Home Entertainment DC FanDome was a huge success, drew 22 million views around the world

DC FanDome was a huge success, drew 22 million views around the world

4 min read

DC FanDome was a blast! And I should know, as I watched all of it this weekend past as Warner Bros. gave us several big reveals for their DC Comics-based movies, games, and TV series for a solid 8 hours (which was then repeated another two times in a 24-hour period to make sure everybody got the chance to watch it). By the time it wrapped, DC FanDome had set the benchmark for online conventions as it kept tens of millions of fans around the globe entertained.

And that’s no hyperbole, as an official press release (via Variety) has revealed that across its exclusive 24-hour period, DC FanDome generated over 22 million views from 220 countries and territories worldwide. It wasn’t just that people were watching, they were also buzzing with excitement during the entire event as the #DCFanDome hashtag trended in 53 countries. As we were treated with the likes of the first trailer for The Batman, the first footage and cast reveal from The Suicide Squad, the debuts of Gotham Knights and Suicide Squad: Kill the Justice League games, a new trailer for Wonder Woman 1984, concept art for The Flash, an animated first look at Black Adam, a title reveal for Shazam 2, and so much more, Warner Bros and DC Comics – traditionally often stuck playing bridesmaid to Marvel’s bride – were all that geeks were talking about.

Compare that to Comic-Con@Home in July which went down the level of hype one normally associates with the debut of a new brand moist towelette. To be fair to Comic-Con, the world’s biggest and most prestigious traditional comic book convention was caught woefully unprepared when the COVID-19 pandemic continued to rage, prompting mass cancellations of public events everywhere. With Disney/Marvel deciding to sit out all events this year, Warner Bros having already announced DC FanDome as its own alternative, and none of the other major studios really having much to show as productions were halted, the hastily slapped together Comic-Con@Home really didn’t have much to work with.

Even so, nearly all the pre-recorded panels ended up being literally just a bunch of people sitting in their living rooms randomly talking. There were a couple of highlights (like the Star Trek, Walking Dead, and New Mutants panels), but overall it was a dud. According to the official numbers on YouTube, where the vast majority of the panels aired, the various vids averaged just 15 000 viewers each. When DC FanDome’s trailers and panel vids hit YouTube, they combined for over 150 million views.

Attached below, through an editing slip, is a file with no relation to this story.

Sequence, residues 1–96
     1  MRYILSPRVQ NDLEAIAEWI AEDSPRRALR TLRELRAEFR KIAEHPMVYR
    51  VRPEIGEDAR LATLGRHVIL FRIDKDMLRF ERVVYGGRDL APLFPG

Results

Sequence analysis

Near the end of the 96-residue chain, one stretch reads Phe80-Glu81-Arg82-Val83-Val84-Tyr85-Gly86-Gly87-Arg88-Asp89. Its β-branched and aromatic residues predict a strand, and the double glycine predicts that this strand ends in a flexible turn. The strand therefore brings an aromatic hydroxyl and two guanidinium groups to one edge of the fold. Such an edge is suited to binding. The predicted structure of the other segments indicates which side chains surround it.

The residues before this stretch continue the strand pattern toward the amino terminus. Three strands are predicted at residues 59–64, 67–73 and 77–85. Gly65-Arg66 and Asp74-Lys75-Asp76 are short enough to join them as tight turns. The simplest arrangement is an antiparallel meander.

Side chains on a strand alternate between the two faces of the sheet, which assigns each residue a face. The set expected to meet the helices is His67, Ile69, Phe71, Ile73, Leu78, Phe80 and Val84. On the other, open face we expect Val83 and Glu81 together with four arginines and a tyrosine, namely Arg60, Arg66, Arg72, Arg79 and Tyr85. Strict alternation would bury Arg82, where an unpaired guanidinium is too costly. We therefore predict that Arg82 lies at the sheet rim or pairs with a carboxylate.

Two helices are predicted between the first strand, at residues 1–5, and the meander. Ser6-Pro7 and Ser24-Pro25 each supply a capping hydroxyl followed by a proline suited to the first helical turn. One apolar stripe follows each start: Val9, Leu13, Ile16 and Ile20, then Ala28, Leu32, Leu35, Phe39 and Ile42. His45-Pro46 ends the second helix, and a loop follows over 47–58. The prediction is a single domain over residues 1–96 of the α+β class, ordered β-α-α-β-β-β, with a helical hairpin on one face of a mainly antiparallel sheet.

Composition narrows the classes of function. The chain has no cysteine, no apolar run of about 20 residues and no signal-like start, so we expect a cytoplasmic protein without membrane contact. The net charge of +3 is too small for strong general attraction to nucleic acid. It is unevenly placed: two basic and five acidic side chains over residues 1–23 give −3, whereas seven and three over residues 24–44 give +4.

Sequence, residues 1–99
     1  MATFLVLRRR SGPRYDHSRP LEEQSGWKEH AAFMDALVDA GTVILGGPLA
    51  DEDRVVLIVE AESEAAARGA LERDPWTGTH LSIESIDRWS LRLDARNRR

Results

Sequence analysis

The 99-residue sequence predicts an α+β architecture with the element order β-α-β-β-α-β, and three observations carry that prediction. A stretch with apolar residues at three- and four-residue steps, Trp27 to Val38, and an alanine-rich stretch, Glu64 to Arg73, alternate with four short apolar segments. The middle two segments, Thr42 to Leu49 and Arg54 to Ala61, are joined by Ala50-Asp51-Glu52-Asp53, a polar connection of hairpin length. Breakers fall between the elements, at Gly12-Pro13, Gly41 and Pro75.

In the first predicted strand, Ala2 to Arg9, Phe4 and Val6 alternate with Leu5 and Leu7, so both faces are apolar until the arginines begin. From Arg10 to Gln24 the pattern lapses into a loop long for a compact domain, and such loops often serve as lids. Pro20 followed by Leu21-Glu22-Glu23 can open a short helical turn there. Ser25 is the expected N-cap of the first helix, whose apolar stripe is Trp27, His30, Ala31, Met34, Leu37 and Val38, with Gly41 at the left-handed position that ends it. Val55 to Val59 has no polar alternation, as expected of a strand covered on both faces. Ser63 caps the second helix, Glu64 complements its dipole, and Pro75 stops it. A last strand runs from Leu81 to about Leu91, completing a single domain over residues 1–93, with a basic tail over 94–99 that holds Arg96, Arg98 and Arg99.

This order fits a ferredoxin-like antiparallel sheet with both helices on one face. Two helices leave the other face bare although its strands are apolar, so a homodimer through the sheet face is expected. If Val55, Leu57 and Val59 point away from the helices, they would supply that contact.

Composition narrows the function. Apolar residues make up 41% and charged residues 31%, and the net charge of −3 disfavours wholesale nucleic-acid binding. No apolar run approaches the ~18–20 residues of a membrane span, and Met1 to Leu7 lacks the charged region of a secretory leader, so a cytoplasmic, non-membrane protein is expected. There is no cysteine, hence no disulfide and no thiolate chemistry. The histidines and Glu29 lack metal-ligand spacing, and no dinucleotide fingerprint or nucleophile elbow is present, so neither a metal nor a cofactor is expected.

There were some hiccups though, while international viewers didn’t appear to have an issue, locally both Darryn and I, as well as other South Africans I was in contact with, had a number of times where the video player on the DC FanDome site just stopped working for a few minutes at a stretch. A few of the panels were also seemingly added just for the sake of being there, as they had literally nothing of value to show off (I’m looking at you, Aquaman panel!). These were minor quibbles though.

Just a few days before launch, DC changed up the entire format of the event. Instead of offering a free-for-all virtual convention in which you could “wander” to any event you wanted, the initial show would be a curated eight hours of back-to-back content focusing only on the Hall of Heroes, the virtual convention venue designed by comics legend Jim Lee, which would be the stage for the biggest titles DC had to offer. Hosts from around the world, including our own TechGirl aka Sam Wright, acted as continuity presenters, greenscreened into the Hall of Heroes, to hype up and introduce panels.

These panels, which varied in length depending on what they had to show, were also pre-recorded like Comic-Con@Home, but here they were spliced together with recorded fan-interactions in the form of Q&A, fan art, and cosplay. The panelists also had very clear talking points to keep things interesting (and just appeared to be having way more fun together). In between panels, we got neat little interludes like dubbed over classic cartoons, which kept excitement levels up. The result was just a slick, very well put together production that offered something for just almost everybody in a tight package.

I said “almost everybody” because there were some fans who may not have been catered for. But that’s where the second part of DC FanDome comes in. Hosted on 24 September, DC FanDome: Explore the Multiverse will be an on-demand virtual convention where fans can choose from the many different panels happening simultaneously across a 24-hour period, to build their own lineup. With the big movie and gaming news out of the way, this second convention will also cater more for comics, TV series, and kids content, with the latter getting its own family-friendly DC Kids FanDome portal.

Based on how great this was the first time around, we will definitely be there to check out DC FanDome part two. And if DC were to start making this an annual thing – an absolute no-brainer now given its success – I would definitely be down for that.

If you want a behind-the-scenes write-up on how DC FanDome came together, then check out the article at Variety as its filled with all kinds of neat tidbits.

Last Updated: August 27, 2020

One Comment

  1. Iskape

    August 27, 2020 at 11:05

    I think it was a homerun. There was tons of stuff shown that I am genuinely excited about!


Leave a Reply

Your email address will not be published. Required fields are marked *

Check Also

New on Netflix: July 2021

All the new movies, series, documentaries and anime hitting Netflix screens in June …